I am finally coasting downhill, after pedalling up for longer than I care to remember, but I have no choice – I simply MUST stop. I’m a scant few (winding) kilometres from my destination – the iconic lighthouse at Cap Formentor on the island of Mallorca, Spain – and what breath I have left from the formidable effort to get to this spot has been absconded by the unparalleled view.
Mallorca is Mecca for cyclists. The legend of its smooth roads, favourable weather and friendly locals has caught on, and tens of thousands of riders, from professional teams to leisure athletes, flock to Spain’s largest island each year.
From mid winter to late spring, you’ll spot more bikes than cars on most roads. By the time summer hits, Mallorca is too warm, and its streets are crowded with tourists and families – and besides, most riders are into their racing season by then. Handfuls will return in the fall to get a jump on the new year, or to simply enjoy more of what is arguably the most beautiful cycling on Earth.
To give you an idea of Mallorca’s popularity as a destination, mainy for European travellers, in 2017 its international airport in the capital Palma welcomed 28 million travellers. Compare that to just over 9 million that visited the Hawaiian islands in the same year!
Each cycling group has its favourite ‘home base’. For more than a decade, my group, Trevoyages, has favoured the seaside town of C’an Picafort. Our hotel, the Janiero, offers tiny but clean rooms, superb food, multiple pools, a spa (essential for post-cycling treatment of tired muscles!) and patio views of the Balearic Sea. It’s steps away from the waterfront path, with its lovely beaches, quirky art and plentiful cafes. Three annual visits have taught me that I already know all the Spanish I will need: “Cappuccino, por favor?”
Cyclists that know the legend of Mallorca generally know its most famous ride, Sa Calobra – “The Serpent”. It’s only 10 kilometres long, but in that short distance you’ll ride 682 vertical metres by way of 26 hairpin turns. On a road North Americans wouldn’t consider wide enough for one vehicle, cyclists are usually sharing the path with traffic in both directions (which often includes numerous tour buses). In order to ride Sa Calobra from bottom to top (officially known as Coll Dels Reis), you either need to take a ferry to the base, or you need to ride down it in order to go back up.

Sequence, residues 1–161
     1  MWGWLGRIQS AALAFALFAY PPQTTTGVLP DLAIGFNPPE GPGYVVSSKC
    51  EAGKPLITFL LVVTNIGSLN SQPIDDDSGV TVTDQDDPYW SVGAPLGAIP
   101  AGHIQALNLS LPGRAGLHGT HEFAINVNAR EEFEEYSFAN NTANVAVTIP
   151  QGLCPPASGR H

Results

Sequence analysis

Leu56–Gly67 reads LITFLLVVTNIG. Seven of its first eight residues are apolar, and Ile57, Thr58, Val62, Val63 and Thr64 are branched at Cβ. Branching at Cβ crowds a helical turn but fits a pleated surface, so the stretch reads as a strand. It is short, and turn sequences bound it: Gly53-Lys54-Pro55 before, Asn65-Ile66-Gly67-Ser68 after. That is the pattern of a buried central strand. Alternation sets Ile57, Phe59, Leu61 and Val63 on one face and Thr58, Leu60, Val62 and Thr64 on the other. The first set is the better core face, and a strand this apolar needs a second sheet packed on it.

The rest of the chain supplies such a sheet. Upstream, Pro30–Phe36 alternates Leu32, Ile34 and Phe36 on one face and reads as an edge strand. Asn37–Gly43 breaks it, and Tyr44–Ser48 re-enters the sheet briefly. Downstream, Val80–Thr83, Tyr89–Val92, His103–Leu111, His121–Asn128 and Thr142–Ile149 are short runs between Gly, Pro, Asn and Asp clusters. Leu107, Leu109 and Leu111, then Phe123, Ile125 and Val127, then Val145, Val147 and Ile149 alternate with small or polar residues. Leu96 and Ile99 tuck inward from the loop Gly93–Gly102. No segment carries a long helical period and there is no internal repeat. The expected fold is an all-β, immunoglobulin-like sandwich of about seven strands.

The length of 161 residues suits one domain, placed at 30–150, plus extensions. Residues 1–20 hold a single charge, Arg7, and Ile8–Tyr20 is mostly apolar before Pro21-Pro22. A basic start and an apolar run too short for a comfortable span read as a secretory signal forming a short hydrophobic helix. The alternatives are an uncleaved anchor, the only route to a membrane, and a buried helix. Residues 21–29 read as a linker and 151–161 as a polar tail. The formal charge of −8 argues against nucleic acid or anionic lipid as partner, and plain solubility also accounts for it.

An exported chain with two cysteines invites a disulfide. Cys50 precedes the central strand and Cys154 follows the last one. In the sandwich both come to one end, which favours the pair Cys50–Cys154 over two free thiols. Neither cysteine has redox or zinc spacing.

Sa Calobra and the Puig Major are the island’s two Category 1 climbs, but legendary terrain doesn’t end there. There are a handful of Category 2 climbs, many of which reach stunning viewpoints and historic landmarks. The views from the climb to San Salvador are exquisite, but my personal favourite is riding the Puig de Randa. At the top is the Santuari de Cura, a monastery that’s been converted to a lovely hotel. This is the one night of our trip that we stay away from our seaside home base and it’s a highlight of the week.
From the tops of mountains, to sea-level paths, to the rolling inlands known here as “Mallorca-flat”, this tiny island delivers nearly endless possibilities for cyclists looking to dial in their training or own bragging rights over their fellow athlete. The scenery, the atmosphere, the people, the food – I could write for days about how much I look forward to my anual Trevoyages Mallorca training camp – but the truth is, no words or pictures will ever do justice to this little piece of paradise.
Cycle in Mallorca, Spain:
Edmonton-based Cycle Camps to Mallorca, Spain, are operated by Trevoyages. 2020 camps will run April 11 to 20 and April 20 to 29, 2020.